This volume provides a new approach to Galen's theory of respiration and to his physiological thinking. The method involves reconstructing Galen's theoretical and experimental research in the structure and context of his reasoning.
The book deals with the problem of muscular respiratory movement, the structure and function of organs such as the heart, lungs and pulmonary vessels, and the purpose of breathing. Other topics include bodily respiration (diapnoe), the explanation of asphyxia, miasmas and other pathological processes. The book ends with a study of breathing and vocal exercises in the Greco-Roman world.
This is an important reassessment of several questions that are fundamental to the history of medicine; it provides a truer understanding of one of the most impressive contributions to western medical thought.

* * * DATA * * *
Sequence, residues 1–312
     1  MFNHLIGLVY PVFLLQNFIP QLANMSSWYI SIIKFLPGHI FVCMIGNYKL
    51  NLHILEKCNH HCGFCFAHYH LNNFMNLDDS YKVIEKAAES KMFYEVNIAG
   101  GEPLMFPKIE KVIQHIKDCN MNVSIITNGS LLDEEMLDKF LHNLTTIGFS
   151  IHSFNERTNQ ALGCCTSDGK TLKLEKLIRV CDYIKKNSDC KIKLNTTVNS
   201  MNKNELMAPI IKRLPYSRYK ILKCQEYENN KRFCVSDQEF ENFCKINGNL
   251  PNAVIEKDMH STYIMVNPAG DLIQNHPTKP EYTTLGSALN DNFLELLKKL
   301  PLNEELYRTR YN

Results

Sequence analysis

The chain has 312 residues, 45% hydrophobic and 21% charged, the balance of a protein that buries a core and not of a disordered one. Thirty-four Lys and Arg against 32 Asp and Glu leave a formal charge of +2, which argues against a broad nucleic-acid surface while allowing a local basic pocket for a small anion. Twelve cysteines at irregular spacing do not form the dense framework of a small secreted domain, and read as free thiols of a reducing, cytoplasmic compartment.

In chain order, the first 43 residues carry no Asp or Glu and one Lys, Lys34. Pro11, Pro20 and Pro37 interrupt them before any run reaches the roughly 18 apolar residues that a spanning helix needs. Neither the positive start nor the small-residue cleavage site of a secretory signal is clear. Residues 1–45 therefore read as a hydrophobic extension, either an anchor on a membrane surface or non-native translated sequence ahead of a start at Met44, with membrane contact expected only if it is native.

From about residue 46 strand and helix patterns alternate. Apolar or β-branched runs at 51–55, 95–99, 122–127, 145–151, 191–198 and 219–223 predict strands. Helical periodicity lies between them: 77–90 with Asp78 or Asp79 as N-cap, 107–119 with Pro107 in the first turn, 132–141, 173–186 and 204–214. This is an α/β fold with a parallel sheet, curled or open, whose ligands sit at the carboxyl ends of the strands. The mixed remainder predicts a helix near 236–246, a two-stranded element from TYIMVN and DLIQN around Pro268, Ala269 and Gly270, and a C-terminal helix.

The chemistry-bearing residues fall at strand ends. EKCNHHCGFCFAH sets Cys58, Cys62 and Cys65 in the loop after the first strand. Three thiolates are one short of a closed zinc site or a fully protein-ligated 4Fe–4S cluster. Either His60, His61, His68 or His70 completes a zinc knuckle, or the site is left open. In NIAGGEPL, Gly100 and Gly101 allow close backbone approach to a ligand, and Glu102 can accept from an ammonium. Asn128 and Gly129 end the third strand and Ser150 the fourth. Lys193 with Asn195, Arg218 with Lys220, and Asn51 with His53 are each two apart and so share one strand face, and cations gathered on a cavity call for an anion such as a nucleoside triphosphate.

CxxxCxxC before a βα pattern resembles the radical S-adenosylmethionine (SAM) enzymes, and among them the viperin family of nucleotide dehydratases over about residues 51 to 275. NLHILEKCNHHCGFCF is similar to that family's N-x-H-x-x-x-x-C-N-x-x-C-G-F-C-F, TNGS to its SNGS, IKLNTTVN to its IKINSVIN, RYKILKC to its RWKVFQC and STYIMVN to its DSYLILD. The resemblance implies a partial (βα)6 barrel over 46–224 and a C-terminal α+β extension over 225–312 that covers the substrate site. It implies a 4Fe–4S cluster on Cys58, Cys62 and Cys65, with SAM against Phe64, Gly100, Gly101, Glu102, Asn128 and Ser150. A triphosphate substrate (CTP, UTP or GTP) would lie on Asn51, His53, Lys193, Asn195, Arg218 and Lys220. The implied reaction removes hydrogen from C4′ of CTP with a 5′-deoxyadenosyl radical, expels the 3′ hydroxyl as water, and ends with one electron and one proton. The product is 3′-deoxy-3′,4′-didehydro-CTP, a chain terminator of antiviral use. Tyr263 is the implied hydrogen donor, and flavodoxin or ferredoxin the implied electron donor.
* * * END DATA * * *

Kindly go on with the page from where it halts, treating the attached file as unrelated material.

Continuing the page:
Armelle Debru is Professor of Classics at the University of Lille, France. She has published extensively on ancient medicine including an anthology of Hippocrates.
...clearly structured and wide-ranging study…'
The Classical Review, 1999.
...cet ouvrage excellent est sans doute la preuve la plus éclatante disponible à ce jour du renouveau des études galéniques en France.'
Extrait de la Revue d'Histoire des Sciences, 2000.
For classical philologists and all those interested in the history of ideas in Antiquity, history of science, ancient philosophy, and history of medicine.